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|Title:||The role of strategic HR practices in organisational effectiveness: an empirical investigation in the country of Jordan||Authors:||Darwish, T.K.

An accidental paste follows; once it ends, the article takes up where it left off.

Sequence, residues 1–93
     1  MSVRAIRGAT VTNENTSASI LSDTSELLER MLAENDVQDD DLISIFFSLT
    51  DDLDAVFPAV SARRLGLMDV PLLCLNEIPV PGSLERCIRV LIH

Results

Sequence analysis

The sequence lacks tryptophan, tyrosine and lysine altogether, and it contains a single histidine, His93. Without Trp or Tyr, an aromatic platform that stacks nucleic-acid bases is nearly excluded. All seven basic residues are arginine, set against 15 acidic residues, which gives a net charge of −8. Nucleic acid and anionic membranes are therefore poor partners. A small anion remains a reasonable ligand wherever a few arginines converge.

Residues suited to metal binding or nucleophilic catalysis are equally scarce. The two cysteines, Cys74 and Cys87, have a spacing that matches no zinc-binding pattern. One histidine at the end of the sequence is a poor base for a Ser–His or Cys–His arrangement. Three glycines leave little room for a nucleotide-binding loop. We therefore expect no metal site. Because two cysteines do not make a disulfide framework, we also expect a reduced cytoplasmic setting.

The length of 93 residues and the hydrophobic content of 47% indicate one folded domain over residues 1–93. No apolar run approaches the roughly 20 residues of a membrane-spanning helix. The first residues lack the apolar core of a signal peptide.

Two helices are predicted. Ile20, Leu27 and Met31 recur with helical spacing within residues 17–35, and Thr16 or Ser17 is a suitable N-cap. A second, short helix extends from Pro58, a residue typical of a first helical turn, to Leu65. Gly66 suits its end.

|Issue Date:||2013||Journal:||The International Journal of Human Resource Management||Abstract:||This study responds to the call of researchers, and is conducted in a non-western context in the country of Jordan. The study contributes to our understanding of human resource (HR) practices' impact on organisational effectiveness. The empirical analysis is based on theoretical prepositions that motivated employees through good HR practices stay longer and contribute positively to the overall financial performance of organisations. Rigorous statistical testing of the data on the population of financial firms shows that careful recruitment and selection, training and internal career opportunities have a positive impact on reducing employee turnover. Training, in particular, is found to have a strong positive impact on financial performance measured by return on assets and return on equity. Furthermore, the findings provide strong support for the direct approach in strategic HR management-performance research that a group of best HR practices will continuously and directly generate superior performance. Despite such compelling arguments, however, we did not find evidence to support the notion that a bundle of HR practices impact better on financial performance than individual HR practices. It is possible that the optimal configuration may not only be contingent on national context, but could be due to the sector and the specific characteristics of the firm. © 2013 © 2013 Taylor & Francis.||URI:||http://hdl.handle.net/20.500.12216/89||DOI:||10.1080/09585192.2013.775174|
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